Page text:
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Commentary: Someone needs to talk tough on trade

Canada, anyone?
Canada has a vested interest in rejuvenating the world trading order and could take on the role of world trade cop, but the political will appears to be missing.

WESTERN PRODUCER — Canada is good at building coalitions and consensus.

Maybe it’s time to get tougher.

“Why are you so concerned about upsetting people?” posed CropLife International President Emily Rees at the Canadian Crops Convention.

Canada could benefit from being “a little less sorry and not having the same fear of upsetting trade partners and being a bit more assertive in defending the interests of Canada.”

That suggestion came from a question posed to Rees about where Canada could find somebody like the United States to push the open trading cart back onto the path.

“Why do you need a partner?”

Rees is British and her organization is based in Brussels, the European Union capital, so she’s got a broad view of the international trading reality. Her organization, representing the biggest global players in crop products, has a vested interest in protecting and preserving the world’s rules-based and science-based trading system.

That system has been under attack for most of a decade now, making trade in agricultural products challenging. It’s also making it hard for farmers in all countries who rely upon global markets. It’s hard to invest in the production of export commodities when they are repeatedly blocked by trade barriers, hammering down their profitability.

Canada has a vested interest in rejuvenating the world trading order. For Western Canada, the need is critical, with most of what we produce here needing to find homes outside our borders. Farming on the Prairies is based upon production and export, which is why we spend so much time talking about grain transportation.

The country has done a great job in stoking the remaining embers of pro-trade sentiment, most recently with the formation of the Ottawa Group, which unites many of the advanced and exporting nations of the world. The Europeans and British are members, as are Australia and Brazil. Japan and South Korea are part of the gang.

That’s a good foundation upon which to build.

But Rees’s point is that being a convenor of coalitions might not be enough any longer. Getting free-flowing trade back on the rails might need somebody to be less conciliatory and consensus building, and to create awkward moments where spades are called spades. Should that somebody be Canada?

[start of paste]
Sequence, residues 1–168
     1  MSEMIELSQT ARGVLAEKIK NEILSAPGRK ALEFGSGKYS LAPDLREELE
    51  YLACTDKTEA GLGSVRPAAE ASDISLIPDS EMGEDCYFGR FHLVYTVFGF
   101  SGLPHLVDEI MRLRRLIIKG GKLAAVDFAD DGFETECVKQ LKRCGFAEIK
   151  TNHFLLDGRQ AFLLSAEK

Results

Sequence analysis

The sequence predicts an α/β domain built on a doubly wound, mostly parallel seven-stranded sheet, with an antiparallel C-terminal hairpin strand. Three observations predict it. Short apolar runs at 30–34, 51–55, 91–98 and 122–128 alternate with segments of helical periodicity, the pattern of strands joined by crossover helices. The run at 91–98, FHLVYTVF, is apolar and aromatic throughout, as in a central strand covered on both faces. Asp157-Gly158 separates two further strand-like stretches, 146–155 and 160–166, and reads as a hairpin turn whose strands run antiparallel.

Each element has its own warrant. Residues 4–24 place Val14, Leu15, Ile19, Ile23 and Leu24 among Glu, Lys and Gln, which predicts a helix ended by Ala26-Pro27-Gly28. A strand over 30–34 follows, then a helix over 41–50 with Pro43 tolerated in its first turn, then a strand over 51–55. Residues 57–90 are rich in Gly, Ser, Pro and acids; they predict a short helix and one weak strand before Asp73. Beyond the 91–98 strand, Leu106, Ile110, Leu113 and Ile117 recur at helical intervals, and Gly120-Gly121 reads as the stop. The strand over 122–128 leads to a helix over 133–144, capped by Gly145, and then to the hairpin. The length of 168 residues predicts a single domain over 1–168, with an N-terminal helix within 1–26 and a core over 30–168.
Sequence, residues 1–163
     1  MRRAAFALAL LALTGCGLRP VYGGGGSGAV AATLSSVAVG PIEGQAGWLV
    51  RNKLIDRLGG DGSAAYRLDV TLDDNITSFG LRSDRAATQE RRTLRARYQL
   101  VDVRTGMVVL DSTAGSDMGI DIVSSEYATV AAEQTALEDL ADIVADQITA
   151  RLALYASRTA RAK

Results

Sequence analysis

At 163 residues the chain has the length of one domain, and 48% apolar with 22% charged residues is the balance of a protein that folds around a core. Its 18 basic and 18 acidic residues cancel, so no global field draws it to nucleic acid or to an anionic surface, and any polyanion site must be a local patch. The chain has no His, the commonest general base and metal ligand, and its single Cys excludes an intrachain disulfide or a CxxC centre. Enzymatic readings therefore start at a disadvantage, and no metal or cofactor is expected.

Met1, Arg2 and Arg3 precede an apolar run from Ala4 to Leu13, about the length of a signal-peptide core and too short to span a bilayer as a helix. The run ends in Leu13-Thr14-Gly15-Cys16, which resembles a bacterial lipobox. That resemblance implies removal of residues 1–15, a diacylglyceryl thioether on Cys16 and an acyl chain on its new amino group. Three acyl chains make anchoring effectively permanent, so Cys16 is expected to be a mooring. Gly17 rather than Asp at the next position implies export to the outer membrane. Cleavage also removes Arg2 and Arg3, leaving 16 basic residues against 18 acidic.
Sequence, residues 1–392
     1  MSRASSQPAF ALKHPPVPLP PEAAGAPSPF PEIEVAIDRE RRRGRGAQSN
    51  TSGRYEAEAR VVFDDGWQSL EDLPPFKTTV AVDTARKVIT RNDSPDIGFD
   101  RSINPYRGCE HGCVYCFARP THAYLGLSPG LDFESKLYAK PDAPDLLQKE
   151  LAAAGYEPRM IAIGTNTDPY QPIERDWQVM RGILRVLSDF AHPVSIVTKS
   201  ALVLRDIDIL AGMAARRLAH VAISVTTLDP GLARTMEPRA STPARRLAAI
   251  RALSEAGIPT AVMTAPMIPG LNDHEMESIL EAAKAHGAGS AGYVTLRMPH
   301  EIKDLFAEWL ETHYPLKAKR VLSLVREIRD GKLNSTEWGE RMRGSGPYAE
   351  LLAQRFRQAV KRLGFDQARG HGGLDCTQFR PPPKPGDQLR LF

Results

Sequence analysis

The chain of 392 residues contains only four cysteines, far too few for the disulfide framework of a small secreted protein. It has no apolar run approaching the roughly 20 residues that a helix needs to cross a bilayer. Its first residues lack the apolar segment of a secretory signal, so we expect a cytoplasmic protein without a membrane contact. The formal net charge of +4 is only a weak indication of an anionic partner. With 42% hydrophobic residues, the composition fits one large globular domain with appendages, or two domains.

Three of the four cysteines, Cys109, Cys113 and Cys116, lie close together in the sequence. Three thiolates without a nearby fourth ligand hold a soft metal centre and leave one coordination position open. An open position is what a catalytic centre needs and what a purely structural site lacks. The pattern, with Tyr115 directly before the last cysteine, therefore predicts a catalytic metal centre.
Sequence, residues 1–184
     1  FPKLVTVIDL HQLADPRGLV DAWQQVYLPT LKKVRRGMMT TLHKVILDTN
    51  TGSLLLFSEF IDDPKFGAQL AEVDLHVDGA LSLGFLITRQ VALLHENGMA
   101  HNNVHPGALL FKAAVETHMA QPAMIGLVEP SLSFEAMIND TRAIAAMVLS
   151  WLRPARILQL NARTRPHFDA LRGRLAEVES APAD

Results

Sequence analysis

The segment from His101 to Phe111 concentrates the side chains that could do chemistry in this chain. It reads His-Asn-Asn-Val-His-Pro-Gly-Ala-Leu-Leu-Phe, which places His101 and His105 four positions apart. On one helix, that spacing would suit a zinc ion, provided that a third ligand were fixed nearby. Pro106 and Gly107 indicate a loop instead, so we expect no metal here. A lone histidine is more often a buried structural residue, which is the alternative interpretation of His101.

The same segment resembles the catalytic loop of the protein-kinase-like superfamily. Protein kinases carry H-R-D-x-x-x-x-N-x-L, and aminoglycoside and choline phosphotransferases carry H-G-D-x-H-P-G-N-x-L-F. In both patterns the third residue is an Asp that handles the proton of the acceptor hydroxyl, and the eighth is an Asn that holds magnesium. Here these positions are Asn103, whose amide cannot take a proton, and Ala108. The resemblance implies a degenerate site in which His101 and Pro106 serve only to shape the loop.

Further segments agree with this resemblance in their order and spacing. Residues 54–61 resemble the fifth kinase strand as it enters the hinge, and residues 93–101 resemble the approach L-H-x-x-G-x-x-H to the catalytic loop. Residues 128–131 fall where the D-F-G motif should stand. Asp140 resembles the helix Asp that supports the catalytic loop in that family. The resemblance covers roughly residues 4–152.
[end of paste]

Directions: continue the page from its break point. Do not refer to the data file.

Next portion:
With both the European Union and U.K. we have a shared support for the principle of rules-based trade, but we have trade conflicts with both. The U.K.-Canada trade talks have broken down over beef and cheese, while there are numerous disputes with the EU over non-compliance with the Canada-EU free trade deal and WTO rules.

Confronting our trade partners about their trade hypocrisies, and being able to hear their complaints about ours (supply management, anybody?) would be awkward if Canada was willing to have more honest and forthright relations with our trading partners. Is Canada up for that?

It’s hard to see it happening any time soon. The Canadian government has been operating with minority governments for most of the past two decades. Neither of our dominant political parties wants to risk upsetting farmers in the run-up to the next federal election.

As veteran Canadian agricultural trade negotiator Steve Verheul observed, “I get the sense they’re overwhelmed by day-to-day issues.”

Canada might serve an invaluable role in championing rules-based trade, but until our next election is passed and somebody feels confident that they’ll be able to have a few years to take on a daunting agenda like that, it’s hard to see Canada rising to the challenge.

Still, it’s nice to think of a Canada that could act more self-assured and willing to stand its ground. We might do better than we fear.